In working with customers worldwide, the MuleSoft team has developed a foundational framework to help organizations understand and leverage different business contexts. Once CIOs and organizations understand these contexts holistically, seeing and prioritizing business models becomes significantly more accessible for teams to align around. The API-monetization business context map has two dimensions. 

First, from top to bottom, organizations can stratify product concepts by their ability to generate new revenue streams vs. preserving existing revenue streams. From left to right, enterprises can segment the requirements associated with their product concepts by how much control they will need over how customers will gain access to their digital products.

MuleSoft’s API monetization business context map 

When contrasting these two dimensions, you can map your organization to specific types of nine contextual segments. These offerings can be categorized and associated with the offerings that are currently available for your organization’s potential customers.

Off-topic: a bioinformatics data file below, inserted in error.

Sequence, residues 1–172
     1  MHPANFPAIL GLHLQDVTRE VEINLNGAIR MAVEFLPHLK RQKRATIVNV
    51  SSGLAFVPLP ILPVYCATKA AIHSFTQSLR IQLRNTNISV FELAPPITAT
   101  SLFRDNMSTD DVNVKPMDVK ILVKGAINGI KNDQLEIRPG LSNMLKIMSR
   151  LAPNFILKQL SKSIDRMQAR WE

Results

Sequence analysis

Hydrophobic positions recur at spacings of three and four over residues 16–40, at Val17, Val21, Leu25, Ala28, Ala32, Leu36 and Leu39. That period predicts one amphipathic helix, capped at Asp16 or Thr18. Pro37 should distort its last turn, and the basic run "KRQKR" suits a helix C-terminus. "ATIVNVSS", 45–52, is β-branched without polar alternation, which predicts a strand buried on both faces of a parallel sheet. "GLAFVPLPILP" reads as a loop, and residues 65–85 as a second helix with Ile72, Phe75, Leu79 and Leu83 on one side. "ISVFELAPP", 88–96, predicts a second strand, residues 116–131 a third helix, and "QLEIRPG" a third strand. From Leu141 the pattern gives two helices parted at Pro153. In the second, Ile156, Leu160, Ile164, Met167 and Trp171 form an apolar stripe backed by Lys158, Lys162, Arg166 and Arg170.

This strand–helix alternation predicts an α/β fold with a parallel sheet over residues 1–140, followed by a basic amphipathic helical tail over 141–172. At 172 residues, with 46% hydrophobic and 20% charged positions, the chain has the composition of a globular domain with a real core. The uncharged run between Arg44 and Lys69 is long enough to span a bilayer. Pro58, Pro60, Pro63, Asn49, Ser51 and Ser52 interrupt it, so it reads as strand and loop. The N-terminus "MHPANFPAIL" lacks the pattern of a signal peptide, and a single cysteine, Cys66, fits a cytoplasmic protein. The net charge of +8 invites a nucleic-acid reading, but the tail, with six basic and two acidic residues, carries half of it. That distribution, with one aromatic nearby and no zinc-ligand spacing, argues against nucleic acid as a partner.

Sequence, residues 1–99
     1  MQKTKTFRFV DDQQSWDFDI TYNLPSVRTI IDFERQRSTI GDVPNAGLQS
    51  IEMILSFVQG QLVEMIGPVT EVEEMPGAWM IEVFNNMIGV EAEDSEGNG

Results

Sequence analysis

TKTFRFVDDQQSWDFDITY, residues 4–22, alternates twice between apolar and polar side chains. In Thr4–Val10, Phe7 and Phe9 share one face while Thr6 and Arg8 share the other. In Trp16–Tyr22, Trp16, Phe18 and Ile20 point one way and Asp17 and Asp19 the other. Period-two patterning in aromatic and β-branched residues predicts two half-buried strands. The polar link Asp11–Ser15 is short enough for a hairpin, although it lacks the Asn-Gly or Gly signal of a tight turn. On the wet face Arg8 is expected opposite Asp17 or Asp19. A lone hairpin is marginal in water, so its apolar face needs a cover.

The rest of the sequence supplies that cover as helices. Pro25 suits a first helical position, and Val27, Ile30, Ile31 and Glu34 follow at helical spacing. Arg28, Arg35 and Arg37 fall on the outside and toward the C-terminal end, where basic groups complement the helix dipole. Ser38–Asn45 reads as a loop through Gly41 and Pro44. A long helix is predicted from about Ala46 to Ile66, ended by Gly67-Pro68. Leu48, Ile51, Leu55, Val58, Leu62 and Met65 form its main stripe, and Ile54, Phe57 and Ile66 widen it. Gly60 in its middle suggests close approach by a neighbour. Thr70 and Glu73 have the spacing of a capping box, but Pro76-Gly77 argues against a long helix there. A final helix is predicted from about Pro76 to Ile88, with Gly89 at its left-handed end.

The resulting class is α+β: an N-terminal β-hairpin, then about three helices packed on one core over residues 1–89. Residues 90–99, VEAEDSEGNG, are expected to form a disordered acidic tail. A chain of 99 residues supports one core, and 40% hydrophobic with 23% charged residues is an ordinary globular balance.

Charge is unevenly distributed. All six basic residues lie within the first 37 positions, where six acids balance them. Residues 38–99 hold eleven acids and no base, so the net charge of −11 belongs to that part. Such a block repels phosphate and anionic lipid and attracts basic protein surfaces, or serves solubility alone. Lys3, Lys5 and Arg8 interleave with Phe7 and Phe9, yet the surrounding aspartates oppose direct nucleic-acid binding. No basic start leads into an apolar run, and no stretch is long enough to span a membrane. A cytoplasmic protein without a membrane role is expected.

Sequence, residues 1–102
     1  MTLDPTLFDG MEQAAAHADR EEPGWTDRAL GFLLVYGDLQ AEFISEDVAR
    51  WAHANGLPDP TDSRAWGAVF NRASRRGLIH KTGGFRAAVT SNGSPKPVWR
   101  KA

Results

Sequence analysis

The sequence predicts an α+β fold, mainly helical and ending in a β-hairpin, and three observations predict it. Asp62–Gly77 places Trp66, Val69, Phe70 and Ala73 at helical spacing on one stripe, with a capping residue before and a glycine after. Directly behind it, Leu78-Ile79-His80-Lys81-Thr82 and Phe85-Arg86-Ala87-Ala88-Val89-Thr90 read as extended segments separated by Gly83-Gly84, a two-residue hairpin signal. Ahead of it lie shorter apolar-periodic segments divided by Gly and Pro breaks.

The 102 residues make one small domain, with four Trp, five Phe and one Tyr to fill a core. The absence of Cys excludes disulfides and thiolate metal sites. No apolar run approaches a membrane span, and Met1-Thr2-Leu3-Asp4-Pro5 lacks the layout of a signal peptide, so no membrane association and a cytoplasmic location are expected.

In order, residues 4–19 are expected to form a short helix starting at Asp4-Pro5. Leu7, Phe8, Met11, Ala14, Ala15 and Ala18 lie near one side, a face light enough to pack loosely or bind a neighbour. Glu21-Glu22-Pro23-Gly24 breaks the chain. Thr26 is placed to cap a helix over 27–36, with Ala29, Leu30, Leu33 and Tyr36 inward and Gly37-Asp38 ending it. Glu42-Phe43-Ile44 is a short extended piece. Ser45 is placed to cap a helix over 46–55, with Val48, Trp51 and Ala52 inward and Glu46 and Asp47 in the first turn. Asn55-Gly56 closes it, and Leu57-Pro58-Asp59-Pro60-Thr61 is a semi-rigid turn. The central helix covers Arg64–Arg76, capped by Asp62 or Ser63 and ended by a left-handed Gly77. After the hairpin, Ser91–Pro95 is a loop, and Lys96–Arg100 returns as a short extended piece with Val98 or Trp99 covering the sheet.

Let’s take a look at each of the nine segments individually. Starting with the top row of elements in the map, from left to the right are the business contexts that mainly drive scalable revenue:

Walled Gardens

Consumers are very familiar with platforms that have become ubiquitous in their lives. This context includes consumer search, GPS navigation, social media networks, etc. However, not everyone is familiar with the set of focused platforms targeted to enable these platforms.

The most successful platforms are indispensable for certain types of businesses. Some examples you might know include Fiserv for banking and financial services and Cox Automotive for automotive marketing and retailing services. These companies have reached a critical mass with a density of features, content, and users/actors to achieve network effects that deliver value to nearly every transaction.